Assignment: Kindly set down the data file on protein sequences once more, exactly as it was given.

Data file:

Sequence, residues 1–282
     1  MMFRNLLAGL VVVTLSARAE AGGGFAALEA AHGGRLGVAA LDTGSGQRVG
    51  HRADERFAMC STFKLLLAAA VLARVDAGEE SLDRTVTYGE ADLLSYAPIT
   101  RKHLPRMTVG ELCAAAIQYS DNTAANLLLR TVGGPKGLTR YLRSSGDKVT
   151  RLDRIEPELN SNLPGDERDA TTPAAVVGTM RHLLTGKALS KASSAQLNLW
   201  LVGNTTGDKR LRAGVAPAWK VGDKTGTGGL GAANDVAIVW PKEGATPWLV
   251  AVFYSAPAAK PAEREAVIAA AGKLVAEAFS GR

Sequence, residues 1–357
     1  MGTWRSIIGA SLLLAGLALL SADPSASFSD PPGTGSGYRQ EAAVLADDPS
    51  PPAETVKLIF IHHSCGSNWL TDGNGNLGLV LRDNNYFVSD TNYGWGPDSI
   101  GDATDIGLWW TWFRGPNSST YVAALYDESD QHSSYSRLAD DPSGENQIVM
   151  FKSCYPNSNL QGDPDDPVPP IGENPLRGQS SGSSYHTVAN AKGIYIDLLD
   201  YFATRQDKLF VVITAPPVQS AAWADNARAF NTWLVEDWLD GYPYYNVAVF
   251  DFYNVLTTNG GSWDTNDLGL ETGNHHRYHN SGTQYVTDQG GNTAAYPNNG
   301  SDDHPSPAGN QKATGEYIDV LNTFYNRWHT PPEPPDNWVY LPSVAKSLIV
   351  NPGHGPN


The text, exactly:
Sequence, residues 1–282
     1  MMFRNLLAGL VVVTLSARAE AGGGFAALEA AHGGRLGVAA LDTGSGQRVG
    51  HRADERFAMC STFKLLLAAA VLARVDAGEE SLDRTVTYGE ADLLSYAPIT
   101  RKHLPRMTVG ELCAAAIQYS DNTAANLLLR TVGGPKGLTR YLRSSGDKVT
   151  RLDRIEPELN SNLPGDERDA TTPAAVVGTM RHLLTGKALS KASSAQLNLW
   201  LVGNTTGDKR LRAGVAPAWK VGDKTGTGGL GAANDVAIVW PKEGATPWLV
   251  AVFYSAPAAK PAEREAVIAA AGKLVAEAFS GR

Sequence, residues 1–357
     1  MGTWRSIIGA SLLLAGLALL SADPSASFSD PPGTGSGYRQ EAAVLADDPS
    51  PPAETVKLIF IHHSCGSNWL TDGNGNLGLV LRDNNYFVSD TNYGWGPDSI
   101  GDATDIGLWW TWFRGPNSST YVAALYDESD QHSSYSRLAD DPSGENQIVM
   151  FKSCYPNSNL QGDPDDPVPP IGENPLRGQS SGSSYHTVAN AKGIYIDLLD
   201  YFATRQDKLF VVITAPPVQS AAWADNARAF NTWLVEDWLD GYPYYNVAVF
   251  DFYNVLTTNG GSWDTNDLGL ETGNHHRYHN SGTQYVTDQG GNTAAYPNNG
   301  SDDHPSPAGN QKATGEYIDV LNTFYNRWHT PPEPPDNWVY LPSVAKSLIV
   351  NPGHGPN